Louisiana’s first legal crop of medical marijuana can be planted this week.

Agriculture Commissioner Mike Strain, whose agency regulates the state’s burgeoning industry, loosened a regulatory logjam that created a monthslong delay.

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Strain’s team met with Louisiana State University AgCenter Chancellor Bill Richardson and the head of the school’s marijuana contractor, GB Sciences Louisiana, to clear the path for production, the Monroe News-Star reported.

Strain expects to give GB Sciences a “temporary go-ahead” after a final inspection Aug. 16.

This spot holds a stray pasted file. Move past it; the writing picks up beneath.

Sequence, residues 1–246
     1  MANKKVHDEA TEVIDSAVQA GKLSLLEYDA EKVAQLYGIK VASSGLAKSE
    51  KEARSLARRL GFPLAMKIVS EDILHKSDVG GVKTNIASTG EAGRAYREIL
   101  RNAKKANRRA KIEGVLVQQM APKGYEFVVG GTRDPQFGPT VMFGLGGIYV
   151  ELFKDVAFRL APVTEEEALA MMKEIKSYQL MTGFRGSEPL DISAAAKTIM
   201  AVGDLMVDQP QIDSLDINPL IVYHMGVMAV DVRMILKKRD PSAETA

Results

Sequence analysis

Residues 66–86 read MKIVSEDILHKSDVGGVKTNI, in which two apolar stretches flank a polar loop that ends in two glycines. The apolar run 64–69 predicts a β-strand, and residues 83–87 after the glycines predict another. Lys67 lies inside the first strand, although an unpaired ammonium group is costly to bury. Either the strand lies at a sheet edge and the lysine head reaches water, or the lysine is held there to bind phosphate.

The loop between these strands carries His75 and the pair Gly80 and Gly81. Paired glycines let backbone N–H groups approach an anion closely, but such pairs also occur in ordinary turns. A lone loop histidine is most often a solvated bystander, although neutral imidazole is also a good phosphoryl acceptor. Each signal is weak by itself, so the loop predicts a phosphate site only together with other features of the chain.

The crop could then be planted in a temporary portion of the growing facility, dubbed a turnkey “exterior pod,” which GB Sciences built to expedite the approval process.

The product will be contained in that pod from germination until it’s packaged.

GB Sciences President John Davis says the company expects to plant a crop Aug. 17.

Davis said marijuana takes about three months to mature, so the first product isn’t expected to be available to patients until November – months later than originally projected.

Medical cannabis can be recommended only in pill or oil form the way the current law is written.

– Associated Press